MySQL is the most popular open-source relational database management system. It is used to store data into predefined tables and structure it through assigned relations (hence the name relational database).
You can add, change, and extract data using Structured Query Language (SQL). The programming language SQL is the primary tool used to communicate with your MySQL database.
Therefore, to create, modify, and work with relational databases, you need to run the appropriate SQL commands.
In this tutorial, you will find the most important MySQL commands as well as a downloadable cheat sheet.
Below you will find a list of commonly used MySQL commands and their definitions.
To see a full list of commands, please refer to the MySQL Cheat Sheet included at the bottom of the article.
Users and Privileges
Display the current user name and hostname:
CREATE USER 'user'@'host';
Grant a specified type of privilege to a user on an object:
GRANT privileges_name ON object TO user;
Set a password for the current user:
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Working With Databases in MySQL
Create a new database:
CREATE DATABASE database_name;
Access a database:
Delete a database (and drop all tables):
DROP DATABASE database_name;
List all databases on the MySQL server:
SELECT user FROM mysql.user;
Note: To rename a database in MySQL without cPanel, create a new database and import the data. The MySQL command to rename a database was removed in MySQL 5.1.23 for security reasons.
Working With Tables in MySQL
Create a new table in a database with the specified column name and datatype:
CREATE TABLE table_name ( column1 datatype, column2 datatype, column3 datatype, );
Display the table structure:
DROP TABLE table_name;
List all tables in the database:
To modify columns in a table, use the
ALTER TABLE command.
For example, to add a column to a table, use the command:
ALTER TABLE table_name ADD column_name datatype;
Select and retrieve values from all columns in a table:
SELECT * FROM table_name;
Working With Indexes in MySQL
Create an index for a table:
CREATE INDEX index_name ON table_name (column1, column2, ...);
Delete an index from a table:
ALTER TABLE table_name DROP INDEX index_name;
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Working With Views in MySQL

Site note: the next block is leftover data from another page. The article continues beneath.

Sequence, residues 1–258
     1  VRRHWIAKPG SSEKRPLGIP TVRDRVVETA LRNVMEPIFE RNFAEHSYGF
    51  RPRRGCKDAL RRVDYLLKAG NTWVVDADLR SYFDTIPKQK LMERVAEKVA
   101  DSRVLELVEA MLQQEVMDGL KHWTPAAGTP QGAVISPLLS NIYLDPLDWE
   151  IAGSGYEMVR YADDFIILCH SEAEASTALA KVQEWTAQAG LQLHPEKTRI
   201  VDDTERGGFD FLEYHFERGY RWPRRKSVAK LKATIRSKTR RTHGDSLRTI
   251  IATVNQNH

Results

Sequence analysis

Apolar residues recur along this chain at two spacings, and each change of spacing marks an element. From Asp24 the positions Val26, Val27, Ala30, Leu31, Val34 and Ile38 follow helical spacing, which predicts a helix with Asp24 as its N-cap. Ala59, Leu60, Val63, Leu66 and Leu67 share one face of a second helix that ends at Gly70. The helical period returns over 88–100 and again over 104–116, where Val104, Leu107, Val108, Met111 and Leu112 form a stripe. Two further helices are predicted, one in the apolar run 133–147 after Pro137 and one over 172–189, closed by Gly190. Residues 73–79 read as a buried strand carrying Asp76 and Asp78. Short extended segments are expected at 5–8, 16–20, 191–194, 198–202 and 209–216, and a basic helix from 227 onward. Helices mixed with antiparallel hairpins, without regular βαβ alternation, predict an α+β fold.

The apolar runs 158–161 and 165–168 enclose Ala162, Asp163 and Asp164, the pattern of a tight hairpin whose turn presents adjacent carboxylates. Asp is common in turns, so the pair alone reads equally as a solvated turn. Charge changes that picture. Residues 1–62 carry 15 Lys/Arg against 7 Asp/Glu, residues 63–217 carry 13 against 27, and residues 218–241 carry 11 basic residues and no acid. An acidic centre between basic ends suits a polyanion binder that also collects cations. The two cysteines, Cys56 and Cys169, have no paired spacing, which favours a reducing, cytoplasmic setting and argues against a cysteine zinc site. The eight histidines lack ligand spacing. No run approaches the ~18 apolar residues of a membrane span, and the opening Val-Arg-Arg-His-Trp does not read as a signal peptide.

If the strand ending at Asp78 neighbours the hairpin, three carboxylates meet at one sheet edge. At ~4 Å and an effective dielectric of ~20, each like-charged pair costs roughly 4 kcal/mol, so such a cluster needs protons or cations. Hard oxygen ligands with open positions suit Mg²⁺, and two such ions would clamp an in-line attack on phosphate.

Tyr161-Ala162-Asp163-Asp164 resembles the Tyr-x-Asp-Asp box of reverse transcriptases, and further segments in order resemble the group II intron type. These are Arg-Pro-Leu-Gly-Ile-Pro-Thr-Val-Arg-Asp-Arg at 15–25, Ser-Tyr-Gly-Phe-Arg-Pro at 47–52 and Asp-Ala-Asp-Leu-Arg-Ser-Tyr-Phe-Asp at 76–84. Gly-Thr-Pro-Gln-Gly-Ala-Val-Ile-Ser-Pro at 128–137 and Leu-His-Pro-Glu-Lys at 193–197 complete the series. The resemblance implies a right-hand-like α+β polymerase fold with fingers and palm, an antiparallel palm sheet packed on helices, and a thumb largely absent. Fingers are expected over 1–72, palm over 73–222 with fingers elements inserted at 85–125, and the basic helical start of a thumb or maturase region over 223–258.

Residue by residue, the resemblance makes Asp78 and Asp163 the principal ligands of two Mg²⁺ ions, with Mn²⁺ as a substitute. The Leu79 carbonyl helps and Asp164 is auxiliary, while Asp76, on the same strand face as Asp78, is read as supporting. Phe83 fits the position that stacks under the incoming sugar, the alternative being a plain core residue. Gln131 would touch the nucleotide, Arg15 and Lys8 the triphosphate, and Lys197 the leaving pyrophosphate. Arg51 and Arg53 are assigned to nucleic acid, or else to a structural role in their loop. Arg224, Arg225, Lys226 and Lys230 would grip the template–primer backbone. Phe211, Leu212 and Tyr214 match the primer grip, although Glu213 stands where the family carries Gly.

Create a view (virtual table) with the specified content:
CREATE VIEW view_name AS SELECT column1, column2, ... FROM table_name WHERE condition;
Delete a view:
DROP VIEW view_name;
MySQL Data Types
When creating columns in a table, you need to specify their name and data type. Use MySQL data types to specify what kind of value the column will store.
Common data types:
INT- Integer values from -2147483648 to 2147483647.
DECIMAL- Exact decimal values specified in the format (M, D); the maximum number of digits for M is 65, while for D it is 35.
CHAR- Fixed-length character strings that specify the maximum number of characters it stores (up to 254 characters).
VARCHAR– Variable-length strings that specify the maximum number of characters it stores (up to 65535).
DATE– Stores data values in the format YYYY-MM-DD.
DATETIME– Contains both date and time, but has a range from 1970-01-01 00:00:01' UTC to '2038-01-19 03:14:07' UTC.
TEXT– Stores character strings, typically those with in a longer form (up to 65535 characters).
Note: Instead of setting up a separate MySQL server, you can also deploy MySQL in a Docker container.
MySQL comes with many built-in functions. These functions allow you to manipulate data.
Some of the most commonly used MySQL functions include:
- Date and time functions
- Mathematical functions
- String functions
- Aggregate functions
- Comparison functions
- Flow control functions
Date and Time Functions
DATEDIFF– Calculate the number of days between two dates.
DAY– Return the day of the month of the specified date.
DATE_ADD– Add a time/date interval to a date value.
DATE_SUB– Subtract a time/date interval from a data value.
DATE_FORMAT– Format a date based on the specified format.
ABS– return the absolute value.
ACOS– Return the arc cosine.
ROUND– Return the argument.
SIGN– Return the sign of the argument.
TRUNCATE– Truncate a number to the specified number of decimal places.
ASCII– Return ASCII value of left-most character.
BIN– Return a binary representation of a number.
LOG– Returns the natural logarithm of a specified number.
MATCH– Do a full-text search.
TRIM– Return a string without any prefixes or suffixes.
AVG– Return the average of values.
BIT_AND– Return bitwise AND.
COUNT– Return the number of rows.
MAX– Return the highest value.
SUM– Return the summation of values.
Comparison Functions and Operations
>– Value is greater than.
>=– Value is greater than or equal to.
BETWEEN...AND– Value is within the specified range.
IS_NOT_NULL– Test for NOT NULL values.
IS_NULL– Test for NULL values.
Flow Control Functions
CASE– A case operator that allows you to add if-else logic to a query.
IF– Return a value based on a specified condition.
IFNULL– Return the first argument if it is NOT NULL (or the second if it is).
NULLIF– If the first argument is equal to the second argument, the result returns NULL (if not, it returns the first argument).
MySQL Commands Cheat Sheet
This article includes a one-page MySQL commands reference sheet. You can save the cheat sheet in PDF format by clicking the Download MySQL Cheat Sheet button below.
It is essential to know the most common MySQL commands when working with databases. As there is an extensive number of commands, don’t bother learning them all by heart.
Download the cheat sheet and keep it close at hand to find the command you need.